Investors Call on Petrochemical Companies Producing Plastics to Transition to Safe and Environmentally Sound Practices by Reducing Fossil Fuel Dependency and Eliminating Hazardous Chemicals

The production of plastic polymers is a major component of global petrochemical demand. It is forecast that the use of plastics could almost triple by 20601 and that petrochemicals will become the main driver of growth in oil demand.2 Under a business-as-usual (BAU) scenario, in 2060, fossil fuel-based plastics will continue to dominate, while recycled plastics will be only 12% of total production, and as a result lifecycle greenhouse gas (GHG) emissions from plastics, will more than double, growing to 4.5% of global emissions.3

Under the BAU scenario, plastic leakage to the terrestrial environment is forecasted to double, while build-up of plastics in aquatic environments will more than triple4, causing well documented harms to biodiversity. Furthermore, plastics leaking into the environment degrade into micro- and nano-plastics with potential to harm human health5, as well as leaching a diverse array of plastic-associated chemicals.

There are over 16,000 chemicals used or present in plastics – including the monomers that are bonded together to form the polymer, and various additives and processing aids – of which only 44% have information indicating they have been evaluated for toxicity or other hazards6. Amongst the around 5,800 chemicals which have been tested, around 4,200 (73%) are identified as being hazardous7. At the same time, there is growing scientific evidence of the negative impacts of hazardous chemicals on human and ecosystem health8. Human health costs in the USA alone in 2015 resulting from exposure to just three chemicals commonly used in plastic have been estimated at $US675 bn9.

Growing plastic polymer production is therefore a significant threat to the plastic pollution crisis, climate change, biodiversity and human health.

Financial risks to petrochemical companies and investors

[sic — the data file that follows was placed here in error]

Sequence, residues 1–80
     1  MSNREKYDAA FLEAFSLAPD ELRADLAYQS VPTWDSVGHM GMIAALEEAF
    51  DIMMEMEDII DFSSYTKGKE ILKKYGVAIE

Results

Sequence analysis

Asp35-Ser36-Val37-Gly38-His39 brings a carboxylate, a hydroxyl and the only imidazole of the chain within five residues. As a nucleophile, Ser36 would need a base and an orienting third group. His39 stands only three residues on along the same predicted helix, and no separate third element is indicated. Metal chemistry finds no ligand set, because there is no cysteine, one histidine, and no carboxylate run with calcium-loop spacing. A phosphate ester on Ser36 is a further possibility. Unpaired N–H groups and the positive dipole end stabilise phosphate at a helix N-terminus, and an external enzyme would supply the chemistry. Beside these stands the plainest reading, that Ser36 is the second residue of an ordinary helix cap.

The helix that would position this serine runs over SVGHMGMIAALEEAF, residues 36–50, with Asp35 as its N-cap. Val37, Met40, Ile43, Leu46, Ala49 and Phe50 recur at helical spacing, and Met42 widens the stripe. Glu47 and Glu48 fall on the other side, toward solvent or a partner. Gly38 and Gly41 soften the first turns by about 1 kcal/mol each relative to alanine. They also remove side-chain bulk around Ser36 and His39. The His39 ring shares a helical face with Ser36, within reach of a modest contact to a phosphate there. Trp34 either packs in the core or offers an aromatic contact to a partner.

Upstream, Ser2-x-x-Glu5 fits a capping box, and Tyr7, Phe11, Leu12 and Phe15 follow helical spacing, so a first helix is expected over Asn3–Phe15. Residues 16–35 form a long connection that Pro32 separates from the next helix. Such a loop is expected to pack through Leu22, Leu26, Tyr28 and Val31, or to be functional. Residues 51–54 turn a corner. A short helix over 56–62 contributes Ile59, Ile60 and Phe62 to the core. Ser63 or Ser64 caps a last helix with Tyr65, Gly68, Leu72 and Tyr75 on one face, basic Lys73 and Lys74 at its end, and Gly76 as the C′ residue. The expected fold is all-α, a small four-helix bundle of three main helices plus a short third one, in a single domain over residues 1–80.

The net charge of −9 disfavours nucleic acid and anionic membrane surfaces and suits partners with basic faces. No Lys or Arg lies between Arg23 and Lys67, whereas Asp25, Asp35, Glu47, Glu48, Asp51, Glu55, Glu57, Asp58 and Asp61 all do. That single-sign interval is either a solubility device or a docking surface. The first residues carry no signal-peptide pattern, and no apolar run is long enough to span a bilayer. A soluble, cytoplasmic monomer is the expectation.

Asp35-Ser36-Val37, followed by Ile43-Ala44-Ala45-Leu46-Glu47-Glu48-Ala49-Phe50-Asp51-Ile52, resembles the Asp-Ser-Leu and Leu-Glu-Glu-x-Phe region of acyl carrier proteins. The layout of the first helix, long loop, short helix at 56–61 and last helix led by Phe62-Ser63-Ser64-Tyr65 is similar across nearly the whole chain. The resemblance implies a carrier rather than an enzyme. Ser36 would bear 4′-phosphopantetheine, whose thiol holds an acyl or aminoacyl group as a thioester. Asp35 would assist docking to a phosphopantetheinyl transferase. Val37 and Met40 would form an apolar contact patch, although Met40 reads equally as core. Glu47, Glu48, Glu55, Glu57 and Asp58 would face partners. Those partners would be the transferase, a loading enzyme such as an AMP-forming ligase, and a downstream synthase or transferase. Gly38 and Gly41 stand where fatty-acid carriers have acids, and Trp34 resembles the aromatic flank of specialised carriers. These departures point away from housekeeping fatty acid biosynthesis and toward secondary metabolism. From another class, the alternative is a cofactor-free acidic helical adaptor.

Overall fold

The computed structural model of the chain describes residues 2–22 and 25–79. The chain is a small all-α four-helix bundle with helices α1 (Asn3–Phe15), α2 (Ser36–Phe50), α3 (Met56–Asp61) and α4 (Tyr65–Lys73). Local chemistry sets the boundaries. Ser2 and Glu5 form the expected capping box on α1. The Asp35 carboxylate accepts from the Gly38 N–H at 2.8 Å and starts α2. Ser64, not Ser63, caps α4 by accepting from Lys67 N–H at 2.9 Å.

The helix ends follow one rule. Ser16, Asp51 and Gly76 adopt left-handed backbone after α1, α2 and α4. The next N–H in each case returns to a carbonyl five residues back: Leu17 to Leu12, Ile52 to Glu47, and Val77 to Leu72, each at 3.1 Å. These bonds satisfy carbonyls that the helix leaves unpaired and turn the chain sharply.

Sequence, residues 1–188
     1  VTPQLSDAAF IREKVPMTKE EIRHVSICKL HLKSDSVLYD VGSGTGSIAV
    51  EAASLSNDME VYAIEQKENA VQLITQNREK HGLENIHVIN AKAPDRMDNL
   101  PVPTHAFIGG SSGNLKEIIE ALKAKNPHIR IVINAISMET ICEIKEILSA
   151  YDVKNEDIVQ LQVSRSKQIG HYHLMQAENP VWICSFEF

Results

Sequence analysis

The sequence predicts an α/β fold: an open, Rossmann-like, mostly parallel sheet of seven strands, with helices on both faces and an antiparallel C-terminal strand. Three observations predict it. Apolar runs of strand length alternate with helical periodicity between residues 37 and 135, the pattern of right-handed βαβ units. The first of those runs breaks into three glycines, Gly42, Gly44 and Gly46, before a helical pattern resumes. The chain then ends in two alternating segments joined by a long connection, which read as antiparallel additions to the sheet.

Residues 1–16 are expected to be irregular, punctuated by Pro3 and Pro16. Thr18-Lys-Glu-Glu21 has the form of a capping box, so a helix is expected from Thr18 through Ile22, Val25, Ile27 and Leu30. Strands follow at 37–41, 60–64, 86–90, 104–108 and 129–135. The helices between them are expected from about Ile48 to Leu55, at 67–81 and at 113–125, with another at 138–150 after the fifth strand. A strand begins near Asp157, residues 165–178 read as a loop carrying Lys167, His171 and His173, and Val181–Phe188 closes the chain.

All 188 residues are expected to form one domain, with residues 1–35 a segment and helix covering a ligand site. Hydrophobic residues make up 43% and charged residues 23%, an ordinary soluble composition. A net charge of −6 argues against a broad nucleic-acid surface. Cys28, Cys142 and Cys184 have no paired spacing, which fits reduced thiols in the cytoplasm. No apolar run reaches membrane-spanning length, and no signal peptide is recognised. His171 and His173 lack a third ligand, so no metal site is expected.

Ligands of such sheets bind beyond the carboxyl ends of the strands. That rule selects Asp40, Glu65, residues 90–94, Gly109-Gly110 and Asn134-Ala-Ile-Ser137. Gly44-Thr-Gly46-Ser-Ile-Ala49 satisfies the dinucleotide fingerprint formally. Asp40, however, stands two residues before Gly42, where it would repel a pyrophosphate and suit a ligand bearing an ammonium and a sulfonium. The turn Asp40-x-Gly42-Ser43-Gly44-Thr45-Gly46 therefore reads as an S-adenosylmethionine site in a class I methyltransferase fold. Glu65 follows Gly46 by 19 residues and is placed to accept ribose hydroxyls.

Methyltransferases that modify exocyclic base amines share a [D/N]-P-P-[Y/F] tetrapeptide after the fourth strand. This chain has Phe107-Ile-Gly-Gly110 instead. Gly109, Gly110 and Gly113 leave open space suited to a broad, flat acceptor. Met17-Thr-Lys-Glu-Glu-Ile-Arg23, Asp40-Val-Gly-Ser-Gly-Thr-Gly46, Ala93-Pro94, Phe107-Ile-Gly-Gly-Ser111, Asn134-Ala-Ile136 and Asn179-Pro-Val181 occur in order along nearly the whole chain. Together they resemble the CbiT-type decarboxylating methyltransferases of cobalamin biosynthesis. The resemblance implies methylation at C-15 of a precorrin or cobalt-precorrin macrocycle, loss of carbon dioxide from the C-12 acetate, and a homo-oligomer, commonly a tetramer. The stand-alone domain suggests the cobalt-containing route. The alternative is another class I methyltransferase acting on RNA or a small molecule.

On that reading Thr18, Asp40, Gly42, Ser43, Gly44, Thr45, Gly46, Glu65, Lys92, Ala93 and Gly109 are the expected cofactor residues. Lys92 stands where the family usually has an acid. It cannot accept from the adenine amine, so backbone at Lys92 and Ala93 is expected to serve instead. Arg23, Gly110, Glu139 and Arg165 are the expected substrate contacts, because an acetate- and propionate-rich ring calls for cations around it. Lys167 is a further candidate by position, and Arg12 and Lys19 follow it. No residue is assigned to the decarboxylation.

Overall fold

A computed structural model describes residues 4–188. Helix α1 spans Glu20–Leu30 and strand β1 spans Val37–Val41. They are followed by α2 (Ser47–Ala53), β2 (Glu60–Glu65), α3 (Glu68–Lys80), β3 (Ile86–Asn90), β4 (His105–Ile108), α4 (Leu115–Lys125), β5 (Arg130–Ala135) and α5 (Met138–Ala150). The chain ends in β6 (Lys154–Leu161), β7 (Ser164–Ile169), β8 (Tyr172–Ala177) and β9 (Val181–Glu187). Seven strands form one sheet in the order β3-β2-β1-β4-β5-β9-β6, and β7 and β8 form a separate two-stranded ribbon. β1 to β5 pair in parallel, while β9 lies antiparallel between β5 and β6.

As outlined above, the burden imposed on society by plastics is significant. As such, policymakers are accelerating their efforts to address the growing pollution problem, evidenced by negotiations for a legally binding Global Plastics Treaty. Society, too, is gradually shifting their sentiment towards more sustainable products and demanding companies across the value chain are held accountable.

This poses significant plastic-related risks to petrochemical companies producing plastic polymers. These risks include regulatory risks (e.g. tighter emission controls, bans, taxation, and extended producer responsibility costs), reputational risks, plastic-related litigation, and increased consumer demand for safe and more sustainable products. These risks could be financially material for corporates and their funders10.

As responsible investors, we are concerned that petrochemical companies are not proactively addressing their plastic-related risks with actions aimed at reducing their dependence on fossil fuel feedstocks and eliminating hazardous chemicals and additives from their products, and as a result, face higher costs and miss out on business opportunities, ultimately diminishing investment returns and long-term value creation. We therefore urge companies to act and align their business practices with a clearly defined transition plan to a safe and circular plastics economy, as outlined below.

Our expectations for accelerated corporate action on plastics

We expect petrochemical companies that produce plastic polymers to take stronger actions towards plastics circularity. To this end, we expect petrochemical companies that produce plastic polymers to:

  1. Transparently disclose, define strategies and set clear targets – we expect companies to transparently disclose their plastic impacts (e.g., CDP’s plastics disclosure), establish a clear strategy and timebound roadmap to reduce fossil fuel feedstock in polymer production and transition to production of safe, environmentally sound and sustainable plastics.
  1. Address polymers and chemicals of concern in their products – we expect companies to commit to identifying and eliminating the production and use of hazardous chemicals and additives in polymers and to publicly report their progress in doing so.
  1. Build suitable infrastructure – we expect companies to support their transition to sustainable feedstocks with well-defined capital expenditure plans to develop technology and build suitable infrastructure.
  1. Establish dedicated governance – we expect companies to have clear oversight and responsibility for their commitments on plastics sustainability at Board level – for example, by establishing a dedicated committee on circularity, and linking a share of management compensation to circularity commitments.
  1. Publicly support an ambitious international legally binding instrument for ending plastic pollution we expect companies to support international efforts for an ambitious plastics treaty by advocating for common legally binding measures across the full plastics life cycle, designed to reduce production and consumption, and refrain from lobbying and obstructing ambitious outcomes. 

This envisioned acceleration towards a circular plastics industry supports the UN plastic treaty goals, but is also in line with the Paris Climate agreement and the Kunming Montreal GBF.